a Ready for Viewing
By Shyamal Sinha,New Delhi
The new stone Buddha in Mustang, Nepal. From huffingtonpost.comNepal’s largest stone Buddha is now open to the public. Situated at an altitude of 12,600 feet in Mustang’s Muktinath Valley, the Buddha was erected in the vicinity of Muktinath Temple, a pilgrimage spot for both Hindus and Buddhists, and has a height of 32 feet. The Muktinath Temple is considered to be a Shakti Peetha for a yatra. Shakti Peethas are sacred abodes of Shakti formed due to the falling of body parts of the corpse of Sati Devi, when Lord Shiva carried it and wandered.
The statue is reportedly made from a special stone from Pharping, a sacred site to the southwest of Nepal’s capital, Kathmandu. (The Huffington Post)
The Buddha was built by brothers Dharmaraj Shakya and Uttam Shakya and funded by social worker and entrepreneur Sonam Lama and his wife Nima Lama. Sonam Lama is the owner of restaurant and grocery businesses in New York City. Work on the statue began in 2013 and cost more than 15 million Nepalese rupees.
The largest Buddha statue in Nepal that is made of cement stands at 67 feet and is located in Amitabha Buddha Park, to the west of Swayambunath Stupa in Kathmandu.
At a weight of 60,000 kilograms (132,277 lb), the Mustang stone statue joins the ranks of some of the world’s largest Buddhas—although it does not quite match up to Scribol’s stone competitors from around the world. The destroyed standing Buddhas at Bamiyan in Afghanistan, for example, are ranked at number 16 (180 feet and 121 feet).
The Leshan Giant Buddha. From worldheritage.routes.travel
The Usuki Buddhas. From Fromjapan-guide.com
At 233 feet, the stone Leshan Giant Maitreya Buddha in China is considered to be the largest stone Buddha in the world. It was constructed by a Chinese monk, Master Haitong, in 713 and completed in 803. Carved out of a cliff at the confluence of the Minjing, Dadu, and Qingyi rivers in southern Sichuan Province, it faces Emei Mountain, one of the four sacred Buddhist mountains in China and dedicated to the bodhisattva Samantabhadra.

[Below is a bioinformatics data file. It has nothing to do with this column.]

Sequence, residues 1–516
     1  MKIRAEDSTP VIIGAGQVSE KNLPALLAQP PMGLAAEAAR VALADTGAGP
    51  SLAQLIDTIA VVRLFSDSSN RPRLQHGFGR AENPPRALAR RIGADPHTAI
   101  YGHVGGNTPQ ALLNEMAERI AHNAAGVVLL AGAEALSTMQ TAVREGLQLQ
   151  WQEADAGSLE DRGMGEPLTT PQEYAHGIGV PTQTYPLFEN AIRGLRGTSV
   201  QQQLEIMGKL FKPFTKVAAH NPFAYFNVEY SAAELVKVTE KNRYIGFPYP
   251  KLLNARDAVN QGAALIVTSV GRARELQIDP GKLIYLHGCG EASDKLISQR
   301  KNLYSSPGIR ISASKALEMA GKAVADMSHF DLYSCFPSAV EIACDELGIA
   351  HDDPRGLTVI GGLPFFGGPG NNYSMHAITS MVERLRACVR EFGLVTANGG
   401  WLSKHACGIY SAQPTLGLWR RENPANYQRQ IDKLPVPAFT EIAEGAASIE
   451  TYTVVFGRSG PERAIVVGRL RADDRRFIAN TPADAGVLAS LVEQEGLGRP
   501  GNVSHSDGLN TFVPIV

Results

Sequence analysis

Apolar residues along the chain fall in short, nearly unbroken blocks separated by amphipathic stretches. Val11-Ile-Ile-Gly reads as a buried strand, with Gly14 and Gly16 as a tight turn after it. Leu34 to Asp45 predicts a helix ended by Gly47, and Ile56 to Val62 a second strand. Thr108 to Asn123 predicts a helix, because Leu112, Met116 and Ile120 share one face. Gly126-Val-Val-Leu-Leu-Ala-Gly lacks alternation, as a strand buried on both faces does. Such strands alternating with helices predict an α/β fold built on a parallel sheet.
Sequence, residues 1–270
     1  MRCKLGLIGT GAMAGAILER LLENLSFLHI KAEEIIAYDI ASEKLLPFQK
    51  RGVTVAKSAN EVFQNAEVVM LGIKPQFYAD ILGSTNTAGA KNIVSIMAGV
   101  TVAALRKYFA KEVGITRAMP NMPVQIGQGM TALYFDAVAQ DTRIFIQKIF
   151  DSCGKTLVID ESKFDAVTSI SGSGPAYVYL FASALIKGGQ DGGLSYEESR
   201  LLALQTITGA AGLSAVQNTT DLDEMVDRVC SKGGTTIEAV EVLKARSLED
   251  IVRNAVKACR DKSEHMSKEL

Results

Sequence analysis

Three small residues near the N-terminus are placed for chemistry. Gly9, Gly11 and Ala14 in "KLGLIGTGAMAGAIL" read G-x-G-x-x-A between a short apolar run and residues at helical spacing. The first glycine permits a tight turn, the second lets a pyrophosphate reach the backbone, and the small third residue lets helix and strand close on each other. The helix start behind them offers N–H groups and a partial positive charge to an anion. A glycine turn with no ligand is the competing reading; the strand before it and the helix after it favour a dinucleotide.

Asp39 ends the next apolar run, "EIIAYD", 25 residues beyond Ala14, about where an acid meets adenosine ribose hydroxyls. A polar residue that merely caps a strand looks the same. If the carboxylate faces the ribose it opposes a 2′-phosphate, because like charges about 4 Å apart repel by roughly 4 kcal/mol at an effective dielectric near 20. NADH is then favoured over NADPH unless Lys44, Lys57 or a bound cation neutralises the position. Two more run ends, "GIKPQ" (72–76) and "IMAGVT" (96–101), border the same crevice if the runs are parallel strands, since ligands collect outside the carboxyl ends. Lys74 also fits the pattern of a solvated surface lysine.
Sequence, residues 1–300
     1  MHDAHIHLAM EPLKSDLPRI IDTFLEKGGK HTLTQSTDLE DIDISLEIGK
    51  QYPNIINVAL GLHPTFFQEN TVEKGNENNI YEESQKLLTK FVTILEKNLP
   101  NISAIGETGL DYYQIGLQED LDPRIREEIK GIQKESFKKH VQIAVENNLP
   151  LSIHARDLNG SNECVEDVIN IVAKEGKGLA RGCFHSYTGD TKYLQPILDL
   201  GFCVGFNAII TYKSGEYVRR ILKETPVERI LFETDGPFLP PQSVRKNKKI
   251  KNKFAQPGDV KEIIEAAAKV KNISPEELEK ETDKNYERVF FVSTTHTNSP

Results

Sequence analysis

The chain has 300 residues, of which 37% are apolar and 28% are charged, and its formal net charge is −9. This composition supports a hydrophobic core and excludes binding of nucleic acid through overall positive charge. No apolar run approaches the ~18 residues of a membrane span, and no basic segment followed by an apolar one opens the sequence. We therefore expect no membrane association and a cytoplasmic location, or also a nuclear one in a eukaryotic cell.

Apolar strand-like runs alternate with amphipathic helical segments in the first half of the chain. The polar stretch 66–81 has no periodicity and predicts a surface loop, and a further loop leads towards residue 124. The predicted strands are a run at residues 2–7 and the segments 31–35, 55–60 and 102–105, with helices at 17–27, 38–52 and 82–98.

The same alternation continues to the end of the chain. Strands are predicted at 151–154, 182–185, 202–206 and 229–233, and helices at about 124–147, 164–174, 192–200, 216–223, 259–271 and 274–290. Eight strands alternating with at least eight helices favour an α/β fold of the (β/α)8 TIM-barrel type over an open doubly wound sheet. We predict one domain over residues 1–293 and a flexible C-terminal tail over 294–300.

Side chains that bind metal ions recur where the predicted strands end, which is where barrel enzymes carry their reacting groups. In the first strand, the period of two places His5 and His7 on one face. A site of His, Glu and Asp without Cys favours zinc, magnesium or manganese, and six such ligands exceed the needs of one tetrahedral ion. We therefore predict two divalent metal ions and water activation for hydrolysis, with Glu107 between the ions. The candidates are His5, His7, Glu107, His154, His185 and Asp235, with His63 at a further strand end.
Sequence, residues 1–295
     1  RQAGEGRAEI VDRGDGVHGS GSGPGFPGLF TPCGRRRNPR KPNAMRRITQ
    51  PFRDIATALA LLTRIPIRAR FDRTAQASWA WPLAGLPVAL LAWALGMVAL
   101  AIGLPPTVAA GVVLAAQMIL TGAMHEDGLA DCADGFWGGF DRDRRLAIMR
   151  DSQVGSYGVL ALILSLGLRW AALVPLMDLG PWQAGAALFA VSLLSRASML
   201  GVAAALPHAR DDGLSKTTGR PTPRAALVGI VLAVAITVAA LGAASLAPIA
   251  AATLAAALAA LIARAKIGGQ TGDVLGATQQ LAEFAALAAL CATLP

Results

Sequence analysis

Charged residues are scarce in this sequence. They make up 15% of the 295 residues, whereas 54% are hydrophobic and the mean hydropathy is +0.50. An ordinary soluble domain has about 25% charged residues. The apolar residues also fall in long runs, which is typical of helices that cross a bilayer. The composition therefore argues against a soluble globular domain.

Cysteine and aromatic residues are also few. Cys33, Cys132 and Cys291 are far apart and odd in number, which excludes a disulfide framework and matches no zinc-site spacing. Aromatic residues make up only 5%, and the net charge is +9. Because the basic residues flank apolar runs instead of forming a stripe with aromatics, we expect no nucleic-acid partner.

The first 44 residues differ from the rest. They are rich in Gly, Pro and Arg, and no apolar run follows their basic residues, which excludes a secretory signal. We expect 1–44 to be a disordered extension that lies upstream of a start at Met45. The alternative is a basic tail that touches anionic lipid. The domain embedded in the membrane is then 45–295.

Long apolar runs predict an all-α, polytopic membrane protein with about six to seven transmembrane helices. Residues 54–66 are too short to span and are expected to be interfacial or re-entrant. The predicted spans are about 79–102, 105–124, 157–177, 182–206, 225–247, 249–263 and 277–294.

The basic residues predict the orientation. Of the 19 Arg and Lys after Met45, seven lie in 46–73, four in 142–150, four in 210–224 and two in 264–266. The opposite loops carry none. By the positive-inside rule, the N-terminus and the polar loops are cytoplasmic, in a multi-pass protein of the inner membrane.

The Buddha at Bingling Temple, China. Fromabsolutechinatours.com
Even when size isn’t taken into account, stone Buddhas are easily some of the most beautiful and striking Buddhist landmarks in the world. The Usuki Stone Buddhas in Kyushu, for example, are the only stone Buddhas in Japan to be designated a National Treasure, the most precious category of Japan’s tangible cultural properties. They were sculpted sometime during the late Heian era (745–1185) out of the soft volcanic rock of Mount Aso, an active caldera at the center of Kyushu (japan-guide.com). In China, the Bingling Temple is a series of 183 grottoes, with the earliest cave being excavated in 420, the year the Eastern Jin Dynasty (317–420) collapsed. At the complex is a Buddha with a height of 88 feet. It is in a similar sitting pose to the Maitreya Buddha of Leshan.
Another extraordinary stone Buddha is the Buddha head lodged in a tree at the temple of Wat Mahatat in Ayutthaya Historical Park, Thailand. According to Ten Thousand Trees, a blog specializing in trees, “It is told that in 1767 the Burmese attacked and destroyed Ayatthuya. In the process they chopped of the heads of all of the Buddha statues. This particular head must have fallen among the prop roots of a bodhi tree. Over the centuries the roots have grown around the head in such a way that almost seems intentional.” (ten-thousand-trees.blogspot.